Okay, it's not that simple, which is why companies like Superlift Suspension Systems serve as a source of appropriate lifts for your application, along with an encyclopedia of information to make sure you've got the right combo. Technology has come a long way in providing a safe, functional lift for 4x4s. Gone are the days when a few extra inches of height for off-road clearance turned highway driving into an exercise in figuring out how long it takes the wheels to catch up to your steering. But a missing link remains for the end user - not a mechanical link, but an informational link. You slap on those giant knobbies, lift your 4x4 to accommodate them and let loose a whole series of reactions you hadn't counted on. It's that old physics thing about every action triggering an equal reaction.
To anticipate those reactions or to ensure that an initial action eliminates those nasty, little buggers, we went straight to Bret Lovett at Superlift to take a look at some typical scenarios. He's been involved with off-roading since he could walk and with Superlift for 31 of the company's 33 years.
Since most readers of Off-Road Adventures probably don't fit into that first category, Lovett concentrated on category two - the daily driver/weekend off-road rig. "Making the right decision for your lifestyle, vehicle and budget is not really that complicated." he insists. "Whatever you want to do has probably been done many times before. It's a matter of doing the research, then verifying your choices with experienced fellow off-roaders, etc."
We start with the obvious - what size of tire do you want to run? You decide on "X" tire size which will require "Y" amount of lift to allow for enough fender clearance as the suspension articulates. The lift will vary depending on the stock wheel backspacing (the distance from the inside lip of the wheel to the wheel mounting surface that bolts to the hub). According to Lovett, most suspension manufacturers list maximum tire/backspacing data in their literature or on their websites. Also, many tire/wheel suppliers will let you mount one up and fit-check the combination. Even so, it's still good to understand the mechanics:
The next consideration is what your stock vehicle gives you to work with. "I need to stress the point that any given vehicle's powertrain, drivetrain and chassis has a limited degree of factory 'overbuild'," notes Lovett. "If you want to run 38-inch tires on an older Ranger, forget it. Subjected to serious off-roading, the factory parts will not survive if the Ranger is shod with anything taller than a 32-33-inch tire."
Beefing up the platform won't necessarily solve all your problems. "You're just moving the fuse - there will always be a weak link," Lovett says. "The key is for that weak link to be easily repairable and relatively inexpensive, like a locking hub." Lovett has firsthand knowledge of breaking things, seldom at a convenient time or place, so he knows about weak links.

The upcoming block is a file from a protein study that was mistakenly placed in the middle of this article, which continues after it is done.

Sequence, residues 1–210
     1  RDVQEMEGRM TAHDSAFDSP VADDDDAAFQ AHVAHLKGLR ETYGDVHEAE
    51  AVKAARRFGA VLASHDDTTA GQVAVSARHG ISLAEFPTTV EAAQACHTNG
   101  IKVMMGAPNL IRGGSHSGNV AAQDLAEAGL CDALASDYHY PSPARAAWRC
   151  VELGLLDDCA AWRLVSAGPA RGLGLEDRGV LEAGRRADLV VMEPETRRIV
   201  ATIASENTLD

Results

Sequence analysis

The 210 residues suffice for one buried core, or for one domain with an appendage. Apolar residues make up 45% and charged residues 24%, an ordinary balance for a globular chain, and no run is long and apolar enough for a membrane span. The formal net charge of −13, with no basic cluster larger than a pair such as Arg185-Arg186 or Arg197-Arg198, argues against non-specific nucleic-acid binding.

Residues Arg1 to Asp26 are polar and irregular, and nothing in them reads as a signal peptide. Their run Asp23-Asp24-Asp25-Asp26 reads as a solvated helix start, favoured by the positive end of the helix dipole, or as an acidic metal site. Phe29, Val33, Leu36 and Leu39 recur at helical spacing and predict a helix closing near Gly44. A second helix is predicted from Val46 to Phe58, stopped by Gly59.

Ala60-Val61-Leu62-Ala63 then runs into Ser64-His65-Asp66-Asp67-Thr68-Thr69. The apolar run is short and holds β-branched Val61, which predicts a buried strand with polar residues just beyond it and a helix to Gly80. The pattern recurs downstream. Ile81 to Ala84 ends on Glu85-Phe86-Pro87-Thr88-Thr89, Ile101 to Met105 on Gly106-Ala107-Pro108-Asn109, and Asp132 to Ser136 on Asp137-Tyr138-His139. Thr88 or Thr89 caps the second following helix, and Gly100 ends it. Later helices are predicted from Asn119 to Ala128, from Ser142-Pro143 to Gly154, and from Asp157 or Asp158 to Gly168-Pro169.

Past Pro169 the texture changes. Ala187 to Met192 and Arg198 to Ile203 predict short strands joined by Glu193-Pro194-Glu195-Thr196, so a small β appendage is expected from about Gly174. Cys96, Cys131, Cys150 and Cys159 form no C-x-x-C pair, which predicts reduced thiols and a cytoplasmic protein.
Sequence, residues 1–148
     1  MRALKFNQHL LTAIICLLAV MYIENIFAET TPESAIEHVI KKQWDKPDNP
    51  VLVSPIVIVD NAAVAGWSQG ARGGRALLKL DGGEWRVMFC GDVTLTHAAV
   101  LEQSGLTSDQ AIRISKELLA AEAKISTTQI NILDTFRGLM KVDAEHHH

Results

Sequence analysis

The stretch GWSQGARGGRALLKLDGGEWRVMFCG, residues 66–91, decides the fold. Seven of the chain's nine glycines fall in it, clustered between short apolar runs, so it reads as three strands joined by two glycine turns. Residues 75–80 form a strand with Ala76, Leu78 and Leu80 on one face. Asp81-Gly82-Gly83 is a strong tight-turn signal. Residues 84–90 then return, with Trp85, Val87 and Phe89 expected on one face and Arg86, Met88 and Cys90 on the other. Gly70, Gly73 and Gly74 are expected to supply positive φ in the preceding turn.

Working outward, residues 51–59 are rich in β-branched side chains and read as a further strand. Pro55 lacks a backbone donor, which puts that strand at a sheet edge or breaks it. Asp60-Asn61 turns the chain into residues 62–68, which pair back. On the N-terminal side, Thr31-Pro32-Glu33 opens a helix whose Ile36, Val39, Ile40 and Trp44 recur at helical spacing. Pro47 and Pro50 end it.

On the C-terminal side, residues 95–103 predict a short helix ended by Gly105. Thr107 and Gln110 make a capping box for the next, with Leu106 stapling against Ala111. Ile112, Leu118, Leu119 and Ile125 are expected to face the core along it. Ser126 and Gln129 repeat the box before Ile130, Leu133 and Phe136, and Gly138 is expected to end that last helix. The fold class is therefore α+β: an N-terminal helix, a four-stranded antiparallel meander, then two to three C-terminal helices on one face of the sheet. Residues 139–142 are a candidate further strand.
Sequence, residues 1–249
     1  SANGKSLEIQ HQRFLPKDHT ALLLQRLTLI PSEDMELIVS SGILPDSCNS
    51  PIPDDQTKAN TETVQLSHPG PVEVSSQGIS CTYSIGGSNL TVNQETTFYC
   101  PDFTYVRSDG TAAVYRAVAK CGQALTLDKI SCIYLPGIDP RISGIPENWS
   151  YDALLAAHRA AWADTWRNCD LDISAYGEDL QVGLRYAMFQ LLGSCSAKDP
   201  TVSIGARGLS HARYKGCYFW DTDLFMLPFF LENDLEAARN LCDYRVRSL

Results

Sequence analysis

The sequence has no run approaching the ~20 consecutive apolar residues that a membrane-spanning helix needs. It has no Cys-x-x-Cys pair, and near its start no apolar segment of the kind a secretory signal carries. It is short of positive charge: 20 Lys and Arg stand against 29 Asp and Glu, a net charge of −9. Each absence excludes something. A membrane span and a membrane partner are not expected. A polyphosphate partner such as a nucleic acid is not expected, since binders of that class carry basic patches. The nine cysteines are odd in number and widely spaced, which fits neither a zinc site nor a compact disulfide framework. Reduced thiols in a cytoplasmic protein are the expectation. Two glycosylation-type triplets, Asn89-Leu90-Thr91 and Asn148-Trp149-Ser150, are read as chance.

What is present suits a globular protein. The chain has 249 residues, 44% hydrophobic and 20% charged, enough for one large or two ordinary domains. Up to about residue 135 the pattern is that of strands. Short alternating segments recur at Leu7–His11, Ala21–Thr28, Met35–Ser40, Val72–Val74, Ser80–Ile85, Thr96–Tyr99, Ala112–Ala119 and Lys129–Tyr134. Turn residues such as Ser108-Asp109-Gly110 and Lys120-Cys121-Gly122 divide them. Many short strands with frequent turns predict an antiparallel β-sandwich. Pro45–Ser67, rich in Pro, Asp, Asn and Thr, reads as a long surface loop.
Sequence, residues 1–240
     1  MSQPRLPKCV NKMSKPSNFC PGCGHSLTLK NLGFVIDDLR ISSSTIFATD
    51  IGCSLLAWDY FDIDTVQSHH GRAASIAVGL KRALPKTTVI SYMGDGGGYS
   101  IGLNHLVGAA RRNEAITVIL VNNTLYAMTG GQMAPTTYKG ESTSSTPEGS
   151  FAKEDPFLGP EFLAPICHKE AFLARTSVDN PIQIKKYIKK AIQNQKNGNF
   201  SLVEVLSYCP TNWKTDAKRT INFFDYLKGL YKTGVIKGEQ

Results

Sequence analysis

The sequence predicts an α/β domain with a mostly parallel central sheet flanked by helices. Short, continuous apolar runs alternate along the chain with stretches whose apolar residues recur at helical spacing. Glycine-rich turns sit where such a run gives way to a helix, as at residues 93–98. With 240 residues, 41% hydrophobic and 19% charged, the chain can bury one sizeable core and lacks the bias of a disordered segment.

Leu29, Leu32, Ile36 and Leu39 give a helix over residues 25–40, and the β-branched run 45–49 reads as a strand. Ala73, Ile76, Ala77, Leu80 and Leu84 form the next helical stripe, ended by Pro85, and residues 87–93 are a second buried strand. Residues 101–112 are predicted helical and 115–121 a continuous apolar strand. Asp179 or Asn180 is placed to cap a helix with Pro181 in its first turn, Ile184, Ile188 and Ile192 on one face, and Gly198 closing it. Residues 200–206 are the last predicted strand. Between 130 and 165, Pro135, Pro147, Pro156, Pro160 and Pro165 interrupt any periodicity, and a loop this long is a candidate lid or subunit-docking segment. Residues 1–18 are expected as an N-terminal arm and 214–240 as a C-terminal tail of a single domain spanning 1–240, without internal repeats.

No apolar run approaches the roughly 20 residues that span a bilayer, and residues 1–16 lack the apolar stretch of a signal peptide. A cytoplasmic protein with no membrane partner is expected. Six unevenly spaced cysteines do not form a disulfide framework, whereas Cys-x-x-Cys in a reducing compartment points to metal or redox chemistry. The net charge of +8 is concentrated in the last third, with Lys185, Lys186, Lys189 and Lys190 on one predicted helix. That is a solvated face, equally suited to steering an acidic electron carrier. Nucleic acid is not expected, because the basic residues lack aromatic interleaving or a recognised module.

One of the primary questions when you're juggling an off-road build with a budget is, "What do I need to do this right, and if I skimp what are the tradeoffs?" Lovett uses a Jeep JK Rubicon as an example of possibly exceeding the vehicle's gearing ability with over-sized tires.
"It's common knowledge that the Dana 44, the stock gears on the Rubicon, will handle 33-inch tires. When you install a lift and upsize to 35-inch meats, an axle shaft upgrade may be in order depending on the terrain and your right foot tendencies." The Dana 44 will live with the tire upgrade, especially with hardened shafts, but Lovett questions the quality of life.
"With 35-inch tires you won't be a happy camper with the stock 4:10 axle ratio. The taller tires effectively raise the final drive ratio which takes the little six-banger out of its optimum power band." Lovett's solution to offset this domino effect is installing 5:13 axle gearing.
"The rule of thumb," he says, "regardless of the vehicle (unless it's diesel powered), is that a three-inch increase in tire diameter is tops unless you want to spring for an axle gear ratio change and possibly heavier axles."
In terms of budget, Lovett stresses research as a more valuable asset than a checkbook. "Throwing money at something doesn't ensure success," he frankly points out. Of course it helps to deal with a company like Superlift that provides a full range of lifts, along with the technical ability and real-world experience to provide help through the process.
If you're hungry for your own real-world research, check out Superlift's website (www.superlift.com) or the company's 1254-acre ORV Park in Hot Springs, Arkansas (www.orvpark.com). Every year, Superlift hosts organized events like the annual 4 Wheel Parts Wholesalers/Superlift Customer Appreciation Run. The first 100 registered vehicles get in free and Superlift brings along a few modified Jeep platforms for prospective customers to drive on the trail (with a co-pilot). That way you can tap into Superlift's savvy to feel your way through the big wheels/big lift process, so you'll be happy with the end result.